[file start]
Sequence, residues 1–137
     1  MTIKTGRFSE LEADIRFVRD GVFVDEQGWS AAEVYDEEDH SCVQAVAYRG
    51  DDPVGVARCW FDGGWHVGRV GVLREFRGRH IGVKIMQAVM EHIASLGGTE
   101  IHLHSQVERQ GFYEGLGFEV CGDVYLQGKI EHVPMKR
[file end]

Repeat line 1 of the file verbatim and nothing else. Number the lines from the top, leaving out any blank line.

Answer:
Sequence, residues 1–137